Curtin University: Digital Mineral Library

Video thumbnail (Frame 0) Video thumbnail (Frame 93) Video thumbnail (Frame 292) Video thumbnail (Frame 397) Video thumbnail (Frame 521) Video thumbnail (Frame 608) Video thumbnail (Frame 800) Video thumbnail (Frame 1004) Video thumbnail (Frame 1258) Video thumbnail (Frame 1428) Video thumbnail (Frame 1594) Video thumbnail (Frame 1670) Video thumbnail (Frame 1853) Video thumbnail (Frame 2008) Video thumbnail (Frame 2116) Video thumbnail (Frame 2234) Video thumbnail (Frame 2324) Video thumbnail (Frame 2462) Video thumbnail (Frame 2631) Video thumbnail (Frame 2927) Video thumbnail (Frame 3148) Video thumbnail (Frame 3222) Video thumbnail (Frame 3326) Video thumbnail (Frame 3539) Video thumbnail (Frame 3663) Video thumbnail (Frame 3794) Video thumbnail (Frame 3942) Video thumbnail (Frame 4067) Video thumbnail (Frame 4281) Video thumbnail (Frame 4670)
Video in TIB AV-Portal: Curtin University: Digital Mineral Library

Formal Metadata

Curtin University: Digital Mineral Library
Title of Series
CC Attribution 4.0 International:
You are free to use, adapt and copy, distribute and transmit the work or content in adapted or unchanged form for any legal purpose as long as the work is attributed to the author in the manner specified by the author or licensor.
Release Date

Content Metadata

Subject Area
The John de Laeter Centre for Isotope Research (JDLC), headquartered at Curtin University, is a Perth-based multi-institutional research infrastructure centre providing the academic, resources and environmental research sector with advanced analytical facilities and expertise. This video explores the reasons why open data is critical to the mineral and mining industry. The Centre has commissioned a number of new instruments generating data relating to digital mineralogy and materials characterisation for pure and applied research. The new mineral analyser TESCAN TIMA instrument will be used on up to 2,000 samples from the Geological Survey of Western Australia (GSWA), characterising the mineralogy of the samples into searchable digital mineralogical and geochemical datasets. This ANDS project has created an appropriate metadata schema for these datasets, captured and enhanced the metadata for a 150 sample subset of the collection under that schema and make that metadata available to Research Data Australia and the AuScope portal to facilitate discovery and access to the datasets by the international research community.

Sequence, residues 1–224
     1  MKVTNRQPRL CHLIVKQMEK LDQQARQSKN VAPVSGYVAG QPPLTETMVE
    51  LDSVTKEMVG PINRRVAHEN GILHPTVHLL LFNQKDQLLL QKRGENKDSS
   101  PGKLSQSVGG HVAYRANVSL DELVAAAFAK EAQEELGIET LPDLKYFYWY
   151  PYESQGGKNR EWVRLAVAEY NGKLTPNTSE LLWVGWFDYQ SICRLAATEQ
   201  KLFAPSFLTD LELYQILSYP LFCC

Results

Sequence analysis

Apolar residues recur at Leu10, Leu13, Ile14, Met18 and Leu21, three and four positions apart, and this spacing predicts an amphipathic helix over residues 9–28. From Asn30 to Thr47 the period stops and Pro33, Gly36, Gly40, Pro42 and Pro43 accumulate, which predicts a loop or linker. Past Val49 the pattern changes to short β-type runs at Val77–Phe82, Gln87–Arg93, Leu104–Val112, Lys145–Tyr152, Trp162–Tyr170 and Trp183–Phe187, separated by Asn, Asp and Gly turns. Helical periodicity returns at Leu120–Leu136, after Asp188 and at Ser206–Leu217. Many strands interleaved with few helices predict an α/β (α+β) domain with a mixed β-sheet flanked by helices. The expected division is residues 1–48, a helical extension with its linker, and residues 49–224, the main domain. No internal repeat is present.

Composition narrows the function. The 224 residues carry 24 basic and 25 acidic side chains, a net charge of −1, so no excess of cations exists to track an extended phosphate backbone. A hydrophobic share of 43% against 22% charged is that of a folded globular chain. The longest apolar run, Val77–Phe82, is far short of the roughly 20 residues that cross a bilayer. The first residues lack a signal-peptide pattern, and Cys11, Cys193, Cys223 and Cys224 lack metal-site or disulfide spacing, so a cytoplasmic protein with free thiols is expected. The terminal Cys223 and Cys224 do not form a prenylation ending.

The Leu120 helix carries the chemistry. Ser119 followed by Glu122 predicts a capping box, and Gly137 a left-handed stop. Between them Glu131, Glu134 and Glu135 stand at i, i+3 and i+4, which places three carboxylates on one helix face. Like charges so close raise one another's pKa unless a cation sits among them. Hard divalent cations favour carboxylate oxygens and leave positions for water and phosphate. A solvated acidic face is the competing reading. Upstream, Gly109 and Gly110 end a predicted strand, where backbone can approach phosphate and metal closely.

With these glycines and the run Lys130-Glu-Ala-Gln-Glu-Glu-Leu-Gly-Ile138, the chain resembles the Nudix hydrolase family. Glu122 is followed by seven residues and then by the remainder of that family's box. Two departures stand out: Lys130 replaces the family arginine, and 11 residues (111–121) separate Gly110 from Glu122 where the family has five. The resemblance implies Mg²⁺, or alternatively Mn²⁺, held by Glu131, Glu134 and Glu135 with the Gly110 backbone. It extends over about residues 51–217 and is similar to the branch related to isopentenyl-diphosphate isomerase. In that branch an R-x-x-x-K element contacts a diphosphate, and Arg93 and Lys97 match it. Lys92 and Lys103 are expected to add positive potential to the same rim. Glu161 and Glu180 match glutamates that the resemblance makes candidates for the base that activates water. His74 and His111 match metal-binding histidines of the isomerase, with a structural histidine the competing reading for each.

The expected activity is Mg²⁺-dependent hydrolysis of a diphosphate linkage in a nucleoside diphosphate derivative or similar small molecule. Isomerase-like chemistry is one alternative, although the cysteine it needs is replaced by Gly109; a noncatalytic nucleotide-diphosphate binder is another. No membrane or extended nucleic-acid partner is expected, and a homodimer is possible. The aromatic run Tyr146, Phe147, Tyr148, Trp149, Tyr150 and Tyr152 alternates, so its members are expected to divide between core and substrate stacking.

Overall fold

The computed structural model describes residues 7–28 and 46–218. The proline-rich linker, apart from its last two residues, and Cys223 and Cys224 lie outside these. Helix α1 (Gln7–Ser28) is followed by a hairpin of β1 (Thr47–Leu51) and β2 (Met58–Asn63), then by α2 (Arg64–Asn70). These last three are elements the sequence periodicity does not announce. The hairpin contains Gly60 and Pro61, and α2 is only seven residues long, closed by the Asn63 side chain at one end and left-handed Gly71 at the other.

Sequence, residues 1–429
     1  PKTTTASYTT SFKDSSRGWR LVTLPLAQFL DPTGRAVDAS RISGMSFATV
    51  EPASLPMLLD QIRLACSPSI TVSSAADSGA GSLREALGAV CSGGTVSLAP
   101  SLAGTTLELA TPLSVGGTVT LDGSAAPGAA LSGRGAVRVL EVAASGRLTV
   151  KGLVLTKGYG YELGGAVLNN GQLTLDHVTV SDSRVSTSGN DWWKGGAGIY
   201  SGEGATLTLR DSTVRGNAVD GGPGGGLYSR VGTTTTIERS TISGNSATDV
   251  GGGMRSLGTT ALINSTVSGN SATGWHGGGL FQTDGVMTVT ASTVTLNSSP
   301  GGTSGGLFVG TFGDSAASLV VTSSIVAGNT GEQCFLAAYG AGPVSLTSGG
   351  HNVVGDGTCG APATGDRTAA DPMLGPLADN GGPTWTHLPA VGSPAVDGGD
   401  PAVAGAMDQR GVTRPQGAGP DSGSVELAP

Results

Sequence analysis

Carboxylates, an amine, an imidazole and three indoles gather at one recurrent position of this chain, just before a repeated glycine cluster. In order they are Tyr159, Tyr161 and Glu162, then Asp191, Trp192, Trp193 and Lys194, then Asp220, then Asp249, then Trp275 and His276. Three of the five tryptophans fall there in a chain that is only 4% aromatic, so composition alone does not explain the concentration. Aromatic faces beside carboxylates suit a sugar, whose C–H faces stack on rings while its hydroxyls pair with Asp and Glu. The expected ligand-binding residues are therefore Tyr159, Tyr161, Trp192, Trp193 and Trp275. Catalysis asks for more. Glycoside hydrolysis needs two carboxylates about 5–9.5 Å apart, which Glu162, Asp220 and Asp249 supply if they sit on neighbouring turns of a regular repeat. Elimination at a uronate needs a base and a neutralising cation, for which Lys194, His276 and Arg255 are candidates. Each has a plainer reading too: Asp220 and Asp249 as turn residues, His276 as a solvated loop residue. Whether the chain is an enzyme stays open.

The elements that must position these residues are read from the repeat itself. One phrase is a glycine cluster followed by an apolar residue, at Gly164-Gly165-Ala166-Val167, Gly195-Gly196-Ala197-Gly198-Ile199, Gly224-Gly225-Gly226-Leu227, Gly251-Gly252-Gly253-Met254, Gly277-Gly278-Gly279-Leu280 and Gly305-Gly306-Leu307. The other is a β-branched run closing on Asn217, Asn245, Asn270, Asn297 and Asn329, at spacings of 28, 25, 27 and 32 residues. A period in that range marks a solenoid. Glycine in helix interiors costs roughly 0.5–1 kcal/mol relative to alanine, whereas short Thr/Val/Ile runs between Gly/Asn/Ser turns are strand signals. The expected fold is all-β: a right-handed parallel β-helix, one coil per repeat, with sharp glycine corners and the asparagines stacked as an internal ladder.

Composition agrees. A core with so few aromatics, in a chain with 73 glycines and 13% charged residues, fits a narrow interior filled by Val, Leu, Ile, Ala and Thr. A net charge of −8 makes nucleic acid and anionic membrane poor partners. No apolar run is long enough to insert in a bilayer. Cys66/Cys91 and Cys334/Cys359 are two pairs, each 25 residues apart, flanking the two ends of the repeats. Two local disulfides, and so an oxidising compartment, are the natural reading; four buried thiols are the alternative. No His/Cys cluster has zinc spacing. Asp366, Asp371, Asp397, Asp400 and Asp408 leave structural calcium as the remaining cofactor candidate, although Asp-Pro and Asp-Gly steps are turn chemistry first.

Digitizing Projective plane Sampling (statistics) Library (computing)
File format Sampling (statistics) Directory service
Sampling (statistics)
Collaborationism State of matter Projective plane Archaeological field survey Sampling (statistics)
Standard deviation Digital library Software bug
Process (computing)
Projective plane Directory service Frame problem
Process (computing) Energy level Self-organization
Projective plane
Information Sound effect Public domain Routing Physical system
Complex (psychology) Frequency Multiplication sign Universe (mathematics)
Information Source code XML UML
the digital mineral library is a project where we take samples that are
traditionally stored on the shelves of the geological survey of western australia and there'll be thousands of
samples in this format in bags
systematically stored and collected we're generating the data here in the
johns later center we're sourcing the samples from the geological survey of
western australia which is a collaborator in this project the geological survey has been mapping the
state for decades and over the last 20 years have been systematically collecting samples and analyzing them in
our center what we're doing is actually creating a digital library of standard rock types which don't necessarily have geochemical anomalies and that will
provide industry with an understanding of what background looks like what rocks look like when they're actually not
mineralized so I think that's important for the minerals industry in their
exploration process the importance of
this project was that allows us to take detailed data from an instrument they are to manipulate it into a frame which
could be used both nationally and internationally as well as for researchers in Western Australia the
implications of that is that if we can do that across the whole of the organization at an instrument level then
we change the whole process of accessibility and timeliness of data in
the institution we embarked on this
project because we realize that only a relatively small percentage of the data
that's generated and analyzed in research laboratories actually makes it into the public domain the conventional
publication route is a very effective way of academics to get information to each other and that is the way the system works what we're trying to do is
to open up these datasets to the broader research community so that they can explore them and figure out how they
might be useful in their own needs research data is
increasing in size and complexity and I've worked at universities for a long
time and I've seen over that period of time how important it is for researchers to work together with data that's
already been produced by others so for
me it's a fundamental thing about this
information is available and a lot of it is government funded and therefore it
should be available to everybody to use and to make new discoveries that everybody can benefit from I believe
that that's the way of the future industry partnering with the government
and the academic research community is going to be critical we need to realize that Australia is in competition for
attracting investment dollars around the world and we have to be able to provide a better source of information to explore so that they will stay here and they will explore our country and invest in our country